The Problem of Poverty in Famine, Affluence, and Morality by Peter Singer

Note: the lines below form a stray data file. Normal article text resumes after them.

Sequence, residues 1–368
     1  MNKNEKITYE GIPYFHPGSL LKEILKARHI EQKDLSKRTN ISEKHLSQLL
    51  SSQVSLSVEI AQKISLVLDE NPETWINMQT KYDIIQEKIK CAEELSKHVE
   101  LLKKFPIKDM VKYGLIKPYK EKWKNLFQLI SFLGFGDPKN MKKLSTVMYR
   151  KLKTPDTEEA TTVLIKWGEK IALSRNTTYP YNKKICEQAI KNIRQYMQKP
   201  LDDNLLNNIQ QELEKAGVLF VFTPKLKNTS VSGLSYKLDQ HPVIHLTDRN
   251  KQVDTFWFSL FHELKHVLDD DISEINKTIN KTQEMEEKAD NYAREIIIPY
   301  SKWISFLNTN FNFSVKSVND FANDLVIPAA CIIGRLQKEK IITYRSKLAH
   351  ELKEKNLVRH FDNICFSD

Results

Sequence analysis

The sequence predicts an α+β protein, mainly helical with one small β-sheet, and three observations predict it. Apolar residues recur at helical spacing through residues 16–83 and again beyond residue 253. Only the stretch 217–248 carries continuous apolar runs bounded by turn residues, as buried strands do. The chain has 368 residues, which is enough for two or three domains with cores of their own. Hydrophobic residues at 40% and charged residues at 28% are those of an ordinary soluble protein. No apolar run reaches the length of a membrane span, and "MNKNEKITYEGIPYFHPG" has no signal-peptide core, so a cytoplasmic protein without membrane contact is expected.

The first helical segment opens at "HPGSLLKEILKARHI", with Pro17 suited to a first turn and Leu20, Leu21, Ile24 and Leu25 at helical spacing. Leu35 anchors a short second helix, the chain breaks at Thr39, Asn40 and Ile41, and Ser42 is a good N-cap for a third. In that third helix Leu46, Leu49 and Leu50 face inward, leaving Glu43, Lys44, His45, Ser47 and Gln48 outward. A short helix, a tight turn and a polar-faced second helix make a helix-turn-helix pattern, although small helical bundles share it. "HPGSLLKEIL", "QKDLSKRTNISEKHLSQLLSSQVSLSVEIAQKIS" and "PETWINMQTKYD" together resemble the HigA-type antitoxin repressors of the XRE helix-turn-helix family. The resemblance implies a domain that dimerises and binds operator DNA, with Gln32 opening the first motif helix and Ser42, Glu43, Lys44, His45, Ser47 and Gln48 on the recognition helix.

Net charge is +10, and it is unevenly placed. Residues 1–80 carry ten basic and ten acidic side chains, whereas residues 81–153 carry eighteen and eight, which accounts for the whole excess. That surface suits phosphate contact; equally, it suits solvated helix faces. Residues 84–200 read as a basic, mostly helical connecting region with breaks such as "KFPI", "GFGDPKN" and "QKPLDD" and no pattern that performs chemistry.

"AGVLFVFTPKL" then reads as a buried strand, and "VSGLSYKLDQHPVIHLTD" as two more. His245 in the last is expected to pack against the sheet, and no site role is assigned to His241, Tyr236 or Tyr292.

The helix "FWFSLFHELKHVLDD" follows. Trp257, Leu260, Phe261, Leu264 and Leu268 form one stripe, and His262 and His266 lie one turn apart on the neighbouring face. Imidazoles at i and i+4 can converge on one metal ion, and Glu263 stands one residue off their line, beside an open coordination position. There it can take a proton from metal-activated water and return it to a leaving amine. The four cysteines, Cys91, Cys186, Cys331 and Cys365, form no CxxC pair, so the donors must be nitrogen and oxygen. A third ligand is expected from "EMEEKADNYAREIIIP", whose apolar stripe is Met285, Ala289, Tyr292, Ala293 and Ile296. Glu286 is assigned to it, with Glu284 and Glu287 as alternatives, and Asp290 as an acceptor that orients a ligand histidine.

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Peter Singer is often regarded as one of the most productive and influential philosophers of modern times. He is well-known for his discussions of the acute social, economic, and political issues, including poverty and famines. In his “Famine, Affluence, and Morality”, Singer (1972) discusses the problem of poverty and hunger, as well as the way this problem is treated in the developed world. Singer believes that charity is inseparable from morality, and no distinction can be drawn between charity and duty. The philosopher offers possible objections to his proposition and relevant arguments to justify his viewpoint. The modern world does not support Singer’s view, treating charity as a voluntary activity, an act of generosity that needs to be praised in public. Numerous arguments are provided to support the view on charity as a negative phenomenon, which is not effective in reducing poverty and cannot benefit those in need. In his work “Famine, Affluence, and Morality”, Peter Singer touches one of the most painful problems facing the modern world – the affluence of the developed world and the poverty and famine in developing countries. At the center of Singer’s philosophic argument is the question of charity and its relation to duty. It is no secret that, in 1971, thousands of people in Bengal were dying of hunger (Singer, 1972). Poverty, a civil war, and terrible weather conditions had turned citizens into displaced refugees (Singer, 1972). Singer decided to raise the question of morality in relation to charity, poverty, and famines. One of the central points of Singer’s (1972) argument is that death, suffering, and the lack of financial resources and food are bad. The next point is that people have enough power to preve... ... middle of paper ... ...work, sound population control mechanisms will have to be implemented (Singer, 1972). This, however, is not an impossible task, if only the affluent society wants to improve the world beyond its basic needs. In conclusion, Singer (1972) proposes a novel view on the problem of charity. His view is radical and requires that the existing moral schemes be reconstructed. In Singer’s (1972) opinion, charity and moral duty are synonymous, and every member of the affluent society is morally obliged to give away to the poor communities within the limits that do not result in any moral harm. Numerous objections have been proposed to deny the relevance of Singer’s philosophic ideas. However, there is nothing bad in making charity everybody’s moral obligation. This is not an impossible task, and the affluent society has everything needed to improve the world beyond its needs.

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